Sunday, August 31, 2008

Black Women Organized for Political Action

Black Women Organized for Political Action
San Francisco-Peninsula Chapter

Name: Rob Anderson
Candidate Office: District 5 Supervisor

Please return this questionnaire to Brigette LeBlanc at no later than Tuesday, September 2, 2008. Should you have any questions, feel free to contact Brigette LeBlanc at 415-267-3997.

Only candidates who complete this questionnaire and return it by the deadline date will be welcomed to meet BWOPA Executive Committee Saturday, September 6, 2008. Your response to the questions below should be no more than four pages.

Thank you for participating in the BWOPA recommendation process!

What are your qualifications for this office?
My main qualification is that I am not a progressive. (I am a member of the Democratic Party, however) My opponent, the Green Party's Ross Mirkarimi, represents everything wrong with SF progressivism, with his support for the Bicycle Plan and Critical Mass, his apparent indifference to homelessness as an issue, and the help he is giving to the Planning Dept. and developers to overdevelop wide swaths of the city with projects like the Rincon Hill highrise luxury condos, the awful Market/Octavia Plan, and the UC/Evans proposal for a massive housing development on lower Haight Street.

Why is the BWOPA endorsement important to your campaign?
My campaign isn’t based on endorsements but rather on my critique of the seriously deficient SF progressivism that Supervisor Mirkarimi represents so well.

Are you a member of BWOPA? If so, how long?
No, I’m not.

What are you planning to do in office to ensure that Black Women are appointed to Commissions, Boards and key leadership positions within the City Government?
As I already told the San Francisco Women’s Political Committee, I will not support anyone just because she’s a woman, which of course also applies to black women. Surely Senator McCain’s pick as a running mate nicely illustrates the problem. Would his choice have been any better if Palin had been a black right-wing woman? I don’t think so.

What are you going to do to improve the quality of life for Black Women? What do you think are the top (3) issues facing Black Women and people of color?
I wish women of color well, but I have no intention of trying to improve the quality of life for any particular group. If a proposal/project isn’t good for the whole city, I won’t support it.

Who are you, as a candidate supporting in various races? Please explain why you are support these candidates?
I’m not supporting anyone else’s campaign.

What have you done over the last 2 to 3 years to enhance the lives of Black Women?
Nothing (see above)

Who did you support in the DCCC race in June 2008?
Scott Weiner

Please list any endorsers, including organizations or elected officials.
I have no endorsements.

Do you favor capital punishment?
No. Some people surely deserve to die for their crimes, but the possibility of executing the wrong person is too great a danger to make capital punishment acceptable.

Do you support Affirmative Action?
No, I don't. We need to move toward a class-based approach to helping the indigent as opposed to a race-based system.

What did you do to ensure the defeat of Props 75 and 83, thus ensuring a young woman’s right to choose?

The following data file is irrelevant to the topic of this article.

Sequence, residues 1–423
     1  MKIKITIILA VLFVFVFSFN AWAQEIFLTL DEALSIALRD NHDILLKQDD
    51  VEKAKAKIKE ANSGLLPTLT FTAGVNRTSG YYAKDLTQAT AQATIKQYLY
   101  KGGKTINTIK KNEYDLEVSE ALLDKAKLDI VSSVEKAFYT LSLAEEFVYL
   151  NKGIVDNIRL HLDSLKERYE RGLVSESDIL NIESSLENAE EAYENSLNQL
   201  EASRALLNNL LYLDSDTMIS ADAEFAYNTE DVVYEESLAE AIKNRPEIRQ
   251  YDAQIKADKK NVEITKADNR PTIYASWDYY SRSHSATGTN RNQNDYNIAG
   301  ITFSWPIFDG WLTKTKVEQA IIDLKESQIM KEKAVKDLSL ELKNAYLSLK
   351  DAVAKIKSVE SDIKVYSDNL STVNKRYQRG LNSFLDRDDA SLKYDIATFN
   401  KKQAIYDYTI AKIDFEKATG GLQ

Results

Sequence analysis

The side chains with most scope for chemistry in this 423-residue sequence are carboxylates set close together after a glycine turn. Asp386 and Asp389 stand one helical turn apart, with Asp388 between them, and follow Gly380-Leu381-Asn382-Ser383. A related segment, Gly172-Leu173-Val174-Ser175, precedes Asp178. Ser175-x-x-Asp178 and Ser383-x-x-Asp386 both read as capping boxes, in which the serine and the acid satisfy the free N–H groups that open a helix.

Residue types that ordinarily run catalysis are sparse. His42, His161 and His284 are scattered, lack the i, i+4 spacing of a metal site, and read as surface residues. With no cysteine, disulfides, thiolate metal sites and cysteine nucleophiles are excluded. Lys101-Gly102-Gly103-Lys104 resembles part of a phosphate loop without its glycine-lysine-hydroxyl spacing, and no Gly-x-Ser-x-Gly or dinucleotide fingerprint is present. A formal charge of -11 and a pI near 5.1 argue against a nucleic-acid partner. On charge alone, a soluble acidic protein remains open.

I don't remember those particular propositions, but if they hindered a woman's right to choose I voted against them.

Who do you support and/or endorse for the Board of Supervisors in November 2008? (Districts 1, 3, 5, 7, 9 and 11)
No one but myself

Do you support the repeal of prop 209?
I don't remember what prop 209 was about.

What work have you done in the past to promote awareness about issues facing Black Women? What would you do in the future?
None and nothing.

Why are you running and what do you hope to accomplish if elected?
See above

Is there anything, in your view, that sets you apart from the other candidates and/or particular reasons why you think BWOPA should support your candidacy?
I represent a completely different agenda---an unprogressive agenda---than Supervisor Mirkarimi, since I oppose the bicycle fantasy and all the awful development projects he supports.

What, if any, policy issues do you consider as being of special concern to Black Women in the San Francisco Bay Area?
I don't know. You tell me.

How do you reach out to the Black Women in the community and address their concerns? What is your track record of accountability? What program and or project have you worked on that addresses the Black Woman’s concerns?
As I've suggested above, I don't like identity politics, so I won't address issues based on race, gender, or sexual orientation.


Richmond Review opposes Eric Mar

Don't Mar the Richmond by Paul Kozakiewicz
from the Richmond Review

The upcoming Nov. 6 election could be the most important ever for the future of the Richmond District.

Always known as a "bellwether" district in citywide elections, the neighborhood took a sharp left turn four years ago, although it was not the choice of the voters.

After the reinstatement of district elections in 2000, district voters supported a local resident who had been active in Richmond issues, particularly housing issues. The candidate we elected, Jake McGoldrick, was relatively moderate in his first term, but once beyond the reproach of voters due to term limits, joined the wacky "regressive" forces led by Aaron Peskin and Chris Daly. No taxes, fines or fees were too large to bestow upon the middle class making an exodus out of the City and there was no longer any need to communicate, or represent, their interests at City Hall. As part of the cabal that seized San Francisco politics, McGoldrick joined the majority on the board who push their agenda regardless of what opposing forces have to say.